Writing for the majority, Judge Gerald Bard Tjoflat, appointed to the court by President Nixon, said the law takes into account a patient's "relative powerlessness" in a physician's examining room, and "simply acknowledges that the practice of good medicine does not require interrogation about irrelevant, private matters."
"As such, we find that the Act is a legitimate regulation of professional conduct. The Act simply codifies that good medical care does not require inquiry or record—keeping regarding firearms when unnecessary to a patient's care," Tjoflat wrote. "Any burden the Act places on physician speech is thus entirely incidental."
In dissent, Judge Charles R. Wilson, appointed to the court by President Clinton, said gun violence is a serious public health issue and that the Florida law "significantly infringes" upon a physician's legitimate reasons to raise gun safety concerns with patients.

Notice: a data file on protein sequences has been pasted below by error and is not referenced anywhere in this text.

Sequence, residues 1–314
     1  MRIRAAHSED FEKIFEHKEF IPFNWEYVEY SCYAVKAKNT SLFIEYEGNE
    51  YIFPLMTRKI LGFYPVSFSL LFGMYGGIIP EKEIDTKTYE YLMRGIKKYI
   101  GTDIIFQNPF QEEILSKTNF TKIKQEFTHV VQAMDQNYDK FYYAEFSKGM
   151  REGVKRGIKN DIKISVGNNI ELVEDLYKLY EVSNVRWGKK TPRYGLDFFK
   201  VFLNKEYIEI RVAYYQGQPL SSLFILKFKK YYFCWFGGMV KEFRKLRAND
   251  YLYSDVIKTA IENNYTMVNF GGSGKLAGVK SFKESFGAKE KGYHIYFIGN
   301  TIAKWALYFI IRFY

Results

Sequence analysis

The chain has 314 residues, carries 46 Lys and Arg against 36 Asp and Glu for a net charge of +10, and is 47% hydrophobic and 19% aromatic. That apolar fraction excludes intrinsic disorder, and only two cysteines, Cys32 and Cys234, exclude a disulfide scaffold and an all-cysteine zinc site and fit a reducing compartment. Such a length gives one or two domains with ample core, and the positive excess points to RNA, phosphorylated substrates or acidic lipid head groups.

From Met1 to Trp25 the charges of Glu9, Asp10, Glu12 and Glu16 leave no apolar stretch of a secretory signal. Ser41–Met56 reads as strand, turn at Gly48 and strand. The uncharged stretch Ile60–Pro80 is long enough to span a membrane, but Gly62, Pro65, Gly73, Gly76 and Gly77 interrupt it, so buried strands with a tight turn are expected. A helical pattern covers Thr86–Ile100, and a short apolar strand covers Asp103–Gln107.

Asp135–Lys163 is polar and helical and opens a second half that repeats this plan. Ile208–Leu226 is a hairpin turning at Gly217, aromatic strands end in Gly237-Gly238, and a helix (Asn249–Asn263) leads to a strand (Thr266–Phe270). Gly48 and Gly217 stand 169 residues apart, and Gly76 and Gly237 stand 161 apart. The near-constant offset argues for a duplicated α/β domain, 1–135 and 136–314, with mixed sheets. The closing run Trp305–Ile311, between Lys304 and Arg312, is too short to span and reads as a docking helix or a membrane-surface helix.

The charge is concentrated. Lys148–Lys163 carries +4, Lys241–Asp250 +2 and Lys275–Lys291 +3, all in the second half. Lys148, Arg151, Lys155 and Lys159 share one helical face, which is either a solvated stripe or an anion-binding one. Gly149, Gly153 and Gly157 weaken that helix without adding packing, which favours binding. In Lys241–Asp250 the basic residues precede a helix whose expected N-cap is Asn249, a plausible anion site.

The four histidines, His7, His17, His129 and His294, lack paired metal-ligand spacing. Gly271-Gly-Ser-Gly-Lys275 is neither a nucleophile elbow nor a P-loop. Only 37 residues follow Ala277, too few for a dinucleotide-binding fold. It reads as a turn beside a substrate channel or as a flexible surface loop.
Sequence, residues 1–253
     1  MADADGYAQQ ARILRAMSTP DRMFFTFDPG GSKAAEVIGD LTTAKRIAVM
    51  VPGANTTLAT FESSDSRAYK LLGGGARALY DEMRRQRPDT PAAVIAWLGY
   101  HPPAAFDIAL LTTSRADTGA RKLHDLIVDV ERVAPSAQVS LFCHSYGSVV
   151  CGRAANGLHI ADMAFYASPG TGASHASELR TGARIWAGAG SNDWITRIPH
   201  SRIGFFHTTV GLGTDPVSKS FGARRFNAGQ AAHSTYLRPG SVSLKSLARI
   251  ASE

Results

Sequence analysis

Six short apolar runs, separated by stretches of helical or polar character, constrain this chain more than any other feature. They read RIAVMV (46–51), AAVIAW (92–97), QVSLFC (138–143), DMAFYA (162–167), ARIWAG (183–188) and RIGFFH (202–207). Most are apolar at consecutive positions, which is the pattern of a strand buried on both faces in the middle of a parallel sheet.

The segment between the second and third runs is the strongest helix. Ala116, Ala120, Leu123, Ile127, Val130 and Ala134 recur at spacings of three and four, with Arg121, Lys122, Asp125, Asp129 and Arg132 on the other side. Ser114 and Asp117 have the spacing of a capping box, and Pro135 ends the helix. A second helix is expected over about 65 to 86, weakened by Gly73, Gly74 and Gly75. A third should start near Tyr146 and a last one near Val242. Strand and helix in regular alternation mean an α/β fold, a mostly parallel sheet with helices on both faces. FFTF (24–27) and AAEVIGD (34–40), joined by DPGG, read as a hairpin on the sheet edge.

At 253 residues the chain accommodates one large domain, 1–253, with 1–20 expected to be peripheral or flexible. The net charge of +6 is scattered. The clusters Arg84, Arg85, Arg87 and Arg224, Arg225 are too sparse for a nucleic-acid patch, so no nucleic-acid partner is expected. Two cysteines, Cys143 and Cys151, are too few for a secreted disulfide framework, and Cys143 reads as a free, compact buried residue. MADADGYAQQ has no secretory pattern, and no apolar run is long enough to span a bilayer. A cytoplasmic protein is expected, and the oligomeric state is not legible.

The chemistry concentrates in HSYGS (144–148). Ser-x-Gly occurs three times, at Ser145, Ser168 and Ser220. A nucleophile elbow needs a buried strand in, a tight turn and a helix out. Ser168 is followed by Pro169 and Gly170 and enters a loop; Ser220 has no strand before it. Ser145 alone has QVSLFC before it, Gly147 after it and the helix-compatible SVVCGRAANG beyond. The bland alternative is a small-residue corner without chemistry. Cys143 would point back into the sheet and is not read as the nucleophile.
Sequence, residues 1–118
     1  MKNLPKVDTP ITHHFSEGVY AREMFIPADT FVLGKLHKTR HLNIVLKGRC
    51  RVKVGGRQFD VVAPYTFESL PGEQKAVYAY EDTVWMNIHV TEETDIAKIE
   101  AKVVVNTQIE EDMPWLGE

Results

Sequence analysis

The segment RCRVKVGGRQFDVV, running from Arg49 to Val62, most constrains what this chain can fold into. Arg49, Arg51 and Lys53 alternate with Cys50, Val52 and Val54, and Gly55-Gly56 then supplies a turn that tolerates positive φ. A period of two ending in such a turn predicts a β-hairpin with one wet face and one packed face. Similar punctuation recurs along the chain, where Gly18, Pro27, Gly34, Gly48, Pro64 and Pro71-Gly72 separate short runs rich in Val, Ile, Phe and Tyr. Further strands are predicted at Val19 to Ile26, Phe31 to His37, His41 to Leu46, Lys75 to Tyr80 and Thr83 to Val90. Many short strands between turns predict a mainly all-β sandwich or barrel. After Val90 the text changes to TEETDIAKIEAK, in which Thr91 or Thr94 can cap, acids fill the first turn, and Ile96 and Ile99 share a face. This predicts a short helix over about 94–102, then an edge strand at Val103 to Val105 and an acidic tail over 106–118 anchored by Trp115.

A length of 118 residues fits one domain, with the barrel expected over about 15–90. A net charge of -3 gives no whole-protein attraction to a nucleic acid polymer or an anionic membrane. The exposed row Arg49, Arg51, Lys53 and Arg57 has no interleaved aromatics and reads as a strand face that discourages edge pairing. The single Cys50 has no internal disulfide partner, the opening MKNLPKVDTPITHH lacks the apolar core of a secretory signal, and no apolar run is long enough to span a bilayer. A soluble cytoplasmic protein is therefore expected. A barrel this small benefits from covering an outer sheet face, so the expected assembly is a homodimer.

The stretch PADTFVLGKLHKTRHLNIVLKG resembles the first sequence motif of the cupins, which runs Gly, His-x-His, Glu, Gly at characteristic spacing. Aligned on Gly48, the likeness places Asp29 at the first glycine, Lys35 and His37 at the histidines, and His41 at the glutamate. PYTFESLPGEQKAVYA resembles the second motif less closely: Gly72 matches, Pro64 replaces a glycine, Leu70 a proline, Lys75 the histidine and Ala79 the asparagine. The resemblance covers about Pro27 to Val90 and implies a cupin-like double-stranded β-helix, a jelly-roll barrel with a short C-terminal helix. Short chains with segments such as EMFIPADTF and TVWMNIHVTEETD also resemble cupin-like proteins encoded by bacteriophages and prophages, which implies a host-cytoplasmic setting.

"Simply put, the Act is a gag order that prevents doctors from even asking the first question in a conversation about firearms," Wilson wrote. "The Act prohibits or significantly chills doctors from expressing their views and providing information to patients about one topic and one topic only, firearms."
"Regardless of whether we agree with the message conveyed by doctors to patients about firearms, I think it is perfectly clear that doctors have a First Amendment right to convey that message."